I spent the first half of Are we not drawn onward to new erA pretty sure I knew what it was about. I knew the concept (just like its title the show is a palindrome) so I knew as each thing was done, each movement made, that at some point in the future it must be undone, unmade. But of course not all that is done can be undone – watching took me back to an early science lesson talking about reactions; frozen water can be melted, but burnt toast cannot be turned back to bread. And as the show progresses it is full of a mix of these reversible and unreversable actions; an apple may be passed back, but not uneaten, plastic bags can be picked up, but not flown to the ceiling en masse, a cut down tree cannot be reattached at its base.
The show felt like a refutation of hope. At a time when climate change protests fill the news, calling for action to fix our broken planet, it felt like the show was a pragmatic answer that not all that is broken can be fixed. I anticipated a second half of watching the performers fail to perform the show in reverse.
But then the change comes. A curtain is closed, and the audience is addressed – we cannot go back. But when the curtain is drawn back it reveals a screen where, reversed on video, we see the address we were just given, but the words we listened to have become nonsense, and the former nonsense has turned into other words, more hopeful, more determined – it is impossible, but it must be done. We see everything that has come before reversed and it is magical. Each time those on stage doubt something can be done, it is, and the result is beautiful and precise and delicate and joyful and funny and sad.
This second act feels like, instead of a refutation of hope, a call for impossible hope – to know it can’t be done and do it anyway. The pure hope of it almost broke me, each plastic bag flown up or apple unbitten cueing a new stream of tears. I wanted so desperately to believe in what was happening in front of me. With the orchestral music swelling beneath it, it feels almost cheesy – but absolutely in the best way possible. It made me think that maybe all I want is theatre with an experimental form and a painfully sentimental heart.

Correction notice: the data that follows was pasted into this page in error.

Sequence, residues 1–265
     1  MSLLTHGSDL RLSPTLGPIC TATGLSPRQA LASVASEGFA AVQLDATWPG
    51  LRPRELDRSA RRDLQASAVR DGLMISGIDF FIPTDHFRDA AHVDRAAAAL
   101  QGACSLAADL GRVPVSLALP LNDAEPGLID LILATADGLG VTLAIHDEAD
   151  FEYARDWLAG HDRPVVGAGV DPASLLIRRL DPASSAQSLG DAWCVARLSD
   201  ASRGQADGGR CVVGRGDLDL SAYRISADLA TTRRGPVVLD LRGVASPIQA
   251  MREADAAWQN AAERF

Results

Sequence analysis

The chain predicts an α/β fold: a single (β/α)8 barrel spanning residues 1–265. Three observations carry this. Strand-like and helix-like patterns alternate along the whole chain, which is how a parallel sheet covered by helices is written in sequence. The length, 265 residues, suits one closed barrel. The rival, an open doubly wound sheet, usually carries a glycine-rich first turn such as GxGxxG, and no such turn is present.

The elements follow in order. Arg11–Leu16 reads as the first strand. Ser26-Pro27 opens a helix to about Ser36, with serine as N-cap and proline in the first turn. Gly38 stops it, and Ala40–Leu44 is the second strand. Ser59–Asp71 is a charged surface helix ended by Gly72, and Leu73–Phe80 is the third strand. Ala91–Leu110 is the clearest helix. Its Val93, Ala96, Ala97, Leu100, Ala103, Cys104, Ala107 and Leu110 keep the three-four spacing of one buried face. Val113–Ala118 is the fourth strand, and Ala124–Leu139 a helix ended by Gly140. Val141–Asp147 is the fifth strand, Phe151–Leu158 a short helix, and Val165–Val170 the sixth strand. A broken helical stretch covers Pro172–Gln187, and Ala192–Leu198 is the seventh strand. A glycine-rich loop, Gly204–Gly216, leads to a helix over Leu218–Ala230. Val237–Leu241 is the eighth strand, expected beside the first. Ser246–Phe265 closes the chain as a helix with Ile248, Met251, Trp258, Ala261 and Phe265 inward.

Of course, there is still the squirming doubt in my head that my first reading of the message of the show is the one that is ‘right’. The metaphor may seem simple, but it is also mercurial. After all, each moment of magic onscreen emphasises how impossible it would be to replicate in real life, and when the screen is raised for the actors to take their bows all the mess they created is still there, further evidence of the impossibility of what we have seen. Even that more hopeful speech is delivered by a projection saying ‘you may think I’m not real’.
And even if its message is a cry for hope rather than a cynical mockery of it, it is still far from showing any wide-eyed naivete – even as the stage is magically cleared there are arguments of how far they should go, and a sobering final question – what’s the point of clearing up our mess if we stick around to create it all again?
Are we not drawn onward to new erA is on at ZOO venues at 11am until 26th August. More info and tickets here.